Majority Leader Cantor's Office: Comment Doesn't Mean Vote on New Farm Bill Post-Election

October 30, 2012 09:54 AM
 

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Says the issue will be addressed; labels reports of vote expected on new farm bill as 'misleading.'

Says the issue will be addressed; labels reports of vote expected on new farm bill as 'misleading'
The office of House Majority Leader Eric Cantor (R-Va.) confirm his remarks on the issue of post-election action on the issue of the farm bill were misread by many. Comments last week by House Majority Leader Eric Cantor (R-Va.) that the "issue" of the farm bill would be addressed by the House during the post-election, lame-duck session were not a commitment to bring the bill approved by the House Ag Committee to the floor for a vote, a spokesperson for Cantor told the Washington publication Bureau of National Affairs (BNA).

What he said. Campaigning in Idaho last week, Cantor said that he was "committed to bring the issue to the floor and then to see a way forward so we can get the votes to pass (a bill)."

The reports of that comment even prompted Senate Ag Committee Chairwoman Debbie Stabenow (D-Mich.) to issue a statement hailing the plan to bring the House Ag Committee farm bill to a vote.

However, a spokeswoman from Cantor's office, Megan Whittemore, told BNA in an email that the take on the comment that it was a commitment to vote on the Ag panel bill was "misleading." Whettemore said, "All he said was we'd address the issue. Never committed to a specific vote."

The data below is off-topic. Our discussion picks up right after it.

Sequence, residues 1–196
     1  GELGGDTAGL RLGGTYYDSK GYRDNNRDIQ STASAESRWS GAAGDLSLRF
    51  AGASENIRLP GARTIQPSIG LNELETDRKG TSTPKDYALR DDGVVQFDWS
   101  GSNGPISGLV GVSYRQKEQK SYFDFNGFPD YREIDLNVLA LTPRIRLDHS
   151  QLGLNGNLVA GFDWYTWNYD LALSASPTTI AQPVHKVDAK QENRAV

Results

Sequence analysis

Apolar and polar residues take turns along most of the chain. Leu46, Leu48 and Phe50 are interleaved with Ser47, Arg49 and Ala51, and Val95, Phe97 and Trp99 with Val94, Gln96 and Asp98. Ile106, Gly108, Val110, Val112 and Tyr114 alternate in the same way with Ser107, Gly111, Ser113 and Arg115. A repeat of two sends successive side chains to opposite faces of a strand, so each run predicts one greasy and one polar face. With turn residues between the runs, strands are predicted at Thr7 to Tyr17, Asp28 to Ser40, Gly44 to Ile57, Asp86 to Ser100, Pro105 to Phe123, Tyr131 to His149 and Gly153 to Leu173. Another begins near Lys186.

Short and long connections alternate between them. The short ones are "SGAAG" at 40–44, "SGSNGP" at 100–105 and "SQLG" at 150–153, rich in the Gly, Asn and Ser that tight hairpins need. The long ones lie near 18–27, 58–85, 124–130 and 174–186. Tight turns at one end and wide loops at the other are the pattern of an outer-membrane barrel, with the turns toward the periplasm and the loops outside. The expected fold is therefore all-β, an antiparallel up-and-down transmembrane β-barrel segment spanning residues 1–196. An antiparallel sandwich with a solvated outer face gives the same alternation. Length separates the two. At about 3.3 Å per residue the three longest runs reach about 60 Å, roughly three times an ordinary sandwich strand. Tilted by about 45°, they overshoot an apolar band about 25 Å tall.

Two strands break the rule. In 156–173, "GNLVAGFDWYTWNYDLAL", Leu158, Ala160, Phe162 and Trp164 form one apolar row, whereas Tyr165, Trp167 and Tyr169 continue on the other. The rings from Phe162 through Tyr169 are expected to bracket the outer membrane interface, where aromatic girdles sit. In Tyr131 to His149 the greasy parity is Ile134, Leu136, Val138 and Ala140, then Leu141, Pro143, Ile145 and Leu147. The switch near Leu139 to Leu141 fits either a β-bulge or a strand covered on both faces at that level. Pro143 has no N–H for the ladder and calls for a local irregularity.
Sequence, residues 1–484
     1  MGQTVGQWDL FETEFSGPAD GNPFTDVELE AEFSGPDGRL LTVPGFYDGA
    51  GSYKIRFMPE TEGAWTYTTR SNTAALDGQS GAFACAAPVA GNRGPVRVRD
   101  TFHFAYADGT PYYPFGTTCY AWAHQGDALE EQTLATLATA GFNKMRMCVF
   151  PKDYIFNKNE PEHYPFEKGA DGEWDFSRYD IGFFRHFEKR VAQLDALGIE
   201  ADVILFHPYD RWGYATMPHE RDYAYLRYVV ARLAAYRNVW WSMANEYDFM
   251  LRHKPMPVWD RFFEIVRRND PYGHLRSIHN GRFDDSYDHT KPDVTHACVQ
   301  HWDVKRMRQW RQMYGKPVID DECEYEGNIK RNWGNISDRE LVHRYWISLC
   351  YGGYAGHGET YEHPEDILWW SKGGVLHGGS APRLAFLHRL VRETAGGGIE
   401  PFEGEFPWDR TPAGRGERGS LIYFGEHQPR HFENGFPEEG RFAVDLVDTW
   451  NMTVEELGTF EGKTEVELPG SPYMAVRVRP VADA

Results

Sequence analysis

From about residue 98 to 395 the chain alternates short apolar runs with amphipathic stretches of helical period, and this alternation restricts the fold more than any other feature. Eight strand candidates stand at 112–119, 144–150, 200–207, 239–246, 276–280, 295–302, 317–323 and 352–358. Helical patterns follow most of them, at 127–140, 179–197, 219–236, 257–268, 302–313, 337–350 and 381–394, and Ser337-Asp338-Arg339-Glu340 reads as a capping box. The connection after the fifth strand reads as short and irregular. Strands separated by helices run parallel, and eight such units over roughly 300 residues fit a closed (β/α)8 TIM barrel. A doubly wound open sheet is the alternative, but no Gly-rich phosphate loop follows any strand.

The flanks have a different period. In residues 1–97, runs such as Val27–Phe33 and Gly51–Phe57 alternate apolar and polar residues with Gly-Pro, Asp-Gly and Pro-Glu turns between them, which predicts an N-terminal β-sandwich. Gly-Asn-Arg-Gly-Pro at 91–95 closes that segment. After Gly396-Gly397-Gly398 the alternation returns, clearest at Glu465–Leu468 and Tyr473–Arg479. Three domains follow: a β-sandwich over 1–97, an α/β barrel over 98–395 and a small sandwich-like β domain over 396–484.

Comments: This was the reading several sources gave after the Cantor comment last week so it is not surprising to see the confirmation of this by Cantor's office. As we noted when the news first broke, it really didn't alter or further clarify the farm bill finish line. And this makes clear that this take on his remarks were on the mark.

Now the attention will be on how long of an extension of the 2008 Farm Bill is in the cards. That timeline may provide as much signal as anything on how long lawmakers expect the farm bill process to take. If the extension is relatively short in duration, that signals the two chambers believe they are closer than many think on a new farm bill. However, sources continue to signal that little work on the package and/or ironing out differences has taken place as the election has drawn closer and closer and the arrival of Sandy has further made that a reality.


 

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